TNC Science Brief

It’s Not Too Late for Biodiversity in Heavily Urbanized Environments

An orca breaching. @ Chase Dekker / Wild-Life Images.

A new study of the Fraser River estuary of British Columbia finds that saving species in heavily urbanized environments is not a lost cause – but does require strategic planning, attention to governance, and large‐scale investment.

The Gist

Published in the journal Conservation Science and Practice, the paper “Conservation in heavily urbanized biodiverse regions requires urgent management action and attention to governance” uses a novel approach to evaluate the cost-effectiveness of conservation action to protect species in the most diverse and heavily urbanized coastal region in Canada, the Fraser River estuary.

Researchers found that 102 species were at risk of extinction and in need of urgent conservation action, costing an estimate $381 million Canadian over the next 25 years. Critically, the research found that co-governance – representing the people that rely on the region’s natural resources – increased the chances of conservation success.

The Big Picture

Throughout history, people have often settled in areas with high biodiversity. Yet much conservation action, including in British Columbia, focuses on less populated areas. “In Canada, there are many beautiful, remote areas that people consider for conservation,” says lead author Laura Kehoe, a research associate for The Nature Conservancy’s Protect Oceans, Lands and Waters program. “But even in heavily urbanized areas, there’s a wealth of biodiversity right at their doorstep.”

For the Fraser River estuary, this biodiversity includes migrating salmon runs and southern resident orcas, both of which will likely be lost without urgent management attention. But to be most effective means that conservation must include broad representation of constituents.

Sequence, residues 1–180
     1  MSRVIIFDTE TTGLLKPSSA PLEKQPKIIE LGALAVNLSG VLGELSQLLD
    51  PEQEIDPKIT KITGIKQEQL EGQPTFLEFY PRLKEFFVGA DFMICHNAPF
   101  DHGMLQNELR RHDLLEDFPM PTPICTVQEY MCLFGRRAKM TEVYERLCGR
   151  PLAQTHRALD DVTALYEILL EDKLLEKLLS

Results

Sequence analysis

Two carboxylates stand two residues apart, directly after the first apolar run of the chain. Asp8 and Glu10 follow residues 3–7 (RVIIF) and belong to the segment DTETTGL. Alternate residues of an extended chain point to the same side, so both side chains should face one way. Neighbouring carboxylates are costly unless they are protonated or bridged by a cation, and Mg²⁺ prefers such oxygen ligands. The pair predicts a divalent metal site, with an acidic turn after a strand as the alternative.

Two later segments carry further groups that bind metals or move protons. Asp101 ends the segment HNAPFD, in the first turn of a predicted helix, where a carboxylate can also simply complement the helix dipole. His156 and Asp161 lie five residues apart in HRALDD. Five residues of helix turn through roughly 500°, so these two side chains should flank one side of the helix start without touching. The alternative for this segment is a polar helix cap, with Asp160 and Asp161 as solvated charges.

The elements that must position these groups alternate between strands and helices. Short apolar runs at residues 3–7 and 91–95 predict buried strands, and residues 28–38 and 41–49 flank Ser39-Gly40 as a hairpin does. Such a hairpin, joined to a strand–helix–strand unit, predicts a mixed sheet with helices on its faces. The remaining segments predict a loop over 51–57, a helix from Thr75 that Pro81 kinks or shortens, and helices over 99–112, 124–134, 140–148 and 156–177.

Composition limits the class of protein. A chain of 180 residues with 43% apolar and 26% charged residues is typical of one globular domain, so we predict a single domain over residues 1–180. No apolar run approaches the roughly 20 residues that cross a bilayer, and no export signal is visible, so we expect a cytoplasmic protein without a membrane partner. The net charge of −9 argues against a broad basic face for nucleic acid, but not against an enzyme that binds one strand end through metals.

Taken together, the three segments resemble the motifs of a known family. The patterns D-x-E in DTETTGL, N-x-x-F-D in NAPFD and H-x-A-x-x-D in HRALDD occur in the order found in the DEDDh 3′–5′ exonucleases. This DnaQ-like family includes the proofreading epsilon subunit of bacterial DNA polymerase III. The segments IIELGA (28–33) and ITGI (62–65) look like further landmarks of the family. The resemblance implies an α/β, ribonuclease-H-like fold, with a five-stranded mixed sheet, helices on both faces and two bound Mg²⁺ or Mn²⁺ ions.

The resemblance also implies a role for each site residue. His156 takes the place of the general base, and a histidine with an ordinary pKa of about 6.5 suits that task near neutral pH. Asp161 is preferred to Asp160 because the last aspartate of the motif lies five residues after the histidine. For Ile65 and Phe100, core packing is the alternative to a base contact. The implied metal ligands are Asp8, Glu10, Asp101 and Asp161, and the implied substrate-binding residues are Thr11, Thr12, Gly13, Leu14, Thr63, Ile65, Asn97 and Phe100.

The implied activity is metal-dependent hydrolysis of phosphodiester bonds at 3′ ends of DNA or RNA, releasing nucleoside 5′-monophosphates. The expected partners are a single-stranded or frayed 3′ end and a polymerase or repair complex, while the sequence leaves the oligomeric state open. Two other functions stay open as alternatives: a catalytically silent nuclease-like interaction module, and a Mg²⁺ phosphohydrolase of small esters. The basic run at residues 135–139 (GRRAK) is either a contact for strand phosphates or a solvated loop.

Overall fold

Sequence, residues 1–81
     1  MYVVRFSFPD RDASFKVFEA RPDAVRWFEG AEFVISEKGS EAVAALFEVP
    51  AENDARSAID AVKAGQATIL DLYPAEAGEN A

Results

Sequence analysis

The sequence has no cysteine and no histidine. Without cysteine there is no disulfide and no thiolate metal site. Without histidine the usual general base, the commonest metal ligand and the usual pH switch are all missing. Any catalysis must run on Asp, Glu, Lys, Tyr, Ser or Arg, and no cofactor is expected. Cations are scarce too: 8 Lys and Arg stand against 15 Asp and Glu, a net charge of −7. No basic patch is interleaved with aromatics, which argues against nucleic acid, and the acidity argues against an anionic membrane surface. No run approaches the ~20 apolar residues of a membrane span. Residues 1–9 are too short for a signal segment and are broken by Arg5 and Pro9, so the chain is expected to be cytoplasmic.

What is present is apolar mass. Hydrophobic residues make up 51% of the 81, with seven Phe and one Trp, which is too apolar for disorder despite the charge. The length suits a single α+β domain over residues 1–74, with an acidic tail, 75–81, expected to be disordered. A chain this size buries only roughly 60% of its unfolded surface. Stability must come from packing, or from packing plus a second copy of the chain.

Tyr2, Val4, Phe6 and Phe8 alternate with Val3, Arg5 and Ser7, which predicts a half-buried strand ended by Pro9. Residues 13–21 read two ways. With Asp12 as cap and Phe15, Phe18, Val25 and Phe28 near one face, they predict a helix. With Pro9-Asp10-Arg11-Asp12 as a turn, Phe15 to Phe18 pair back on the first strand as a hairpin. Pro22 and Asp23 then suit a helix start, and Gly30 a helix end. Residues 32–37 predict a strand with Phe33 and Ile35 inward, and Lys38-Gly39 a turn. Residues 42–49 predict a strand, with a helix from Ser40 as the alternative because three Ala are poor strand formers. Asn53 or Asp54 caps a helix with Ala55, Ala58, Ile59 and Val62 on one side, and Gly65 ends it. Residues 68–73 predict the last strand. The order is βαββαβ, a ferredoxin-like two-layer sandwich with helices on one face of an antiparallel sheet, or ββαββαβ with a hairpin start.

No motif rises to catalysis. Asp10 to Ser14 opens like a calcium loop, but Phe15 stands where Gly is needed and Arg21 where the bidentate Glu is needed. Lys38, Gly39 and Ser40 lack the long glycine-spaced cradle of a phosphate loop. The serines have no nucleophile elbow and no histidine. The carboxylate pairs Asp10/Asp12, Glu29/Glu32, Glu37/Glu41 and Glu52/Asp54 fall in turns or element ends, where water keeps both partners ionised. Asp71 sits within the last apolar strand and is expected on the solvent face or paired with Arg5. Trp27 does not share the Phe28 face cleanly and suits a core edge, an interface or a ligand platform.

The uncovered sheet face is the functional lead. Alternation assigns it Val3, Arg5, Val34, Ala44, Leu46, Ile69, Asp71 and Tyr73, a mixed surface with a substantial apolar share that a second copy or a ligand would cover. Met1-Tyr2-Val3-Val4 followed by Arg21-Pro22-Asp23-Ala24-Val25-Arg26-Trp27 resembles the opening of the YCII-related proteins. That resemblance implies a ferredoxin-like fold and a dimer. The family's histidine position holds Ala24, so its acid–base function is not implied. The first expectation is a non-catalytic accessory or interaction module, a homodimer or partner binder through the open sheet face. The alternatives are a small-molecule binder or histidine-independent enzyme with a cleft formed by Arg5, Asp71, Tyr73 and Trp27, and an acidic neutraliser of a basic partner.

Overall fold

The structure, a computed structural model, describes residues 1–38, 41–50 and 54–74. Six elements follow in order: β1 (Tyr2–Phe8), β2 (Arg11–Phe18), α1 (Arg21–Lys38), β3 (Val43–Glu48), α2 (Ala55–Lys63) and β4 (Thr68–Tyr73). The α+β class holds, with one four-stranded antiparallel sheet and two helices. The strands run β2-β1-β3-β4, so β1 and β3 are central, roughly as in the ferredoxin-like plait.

This means management must include representation from local members of First Nations, federal, provincial, and municipal governments, industry consultants, academics and non-governmental organizations, among others.

“First Nations have the knowledge and expertise to live in a place without destroying it,” Kehoe says. “By treating the earth as a resource to be exploited, colonizer cultures do not have access to this wisdom. Having First Nations lead the co-governance of this region is a recognition of the history of this land and water.”

An aerial view of the Holmes River, an upper tributary of the Fraser River in British Columbia, Canada.
© Shane Kalyn/TNC Photo Contest 2018

The Takeaway

While the price tag of $381 million Canadian may seem steep, Kehoe notes that it is affordable given the value that nature provides including a commercial salmon fishery, tourism and ecosystem services. Inaction will likely cost a lot more than paying for conservation now. Compared to the annual conservation cost of $15 million, whale tourism is worth $26M annually and fisheries in the estuary were estimated to be worth the $300 million per year in the 1990s (when fish were more abundant).

“Over 25 years, the cost amounts to less than $6 per person a year in Greater Vancouver—the price of a single beer or latte,” she says.

And the issues affecting the Fraser River estuary make an important case study for conservation in other heavily urbanized areas. In a world of rapid urban sprawl and ongoing biodiversity loss, the paper’s approach provides a methodology to identify the most cost‐effective strategies to conserve biodiversity in areas of high ecological, cultural, and economic importance. Perhaps, most importantly, it demonstrates that many of these areas are not “lost,” but they do require investment and co-management.

“The lesson is that it’s genuinely never too late,” says Kehoe. “There is always an impact to be made. But diverse people and interests need to play a role in every step of management decisions. Wherever they may live, people need to realize they have a voice in these decisions, and that their voice can have impact.”

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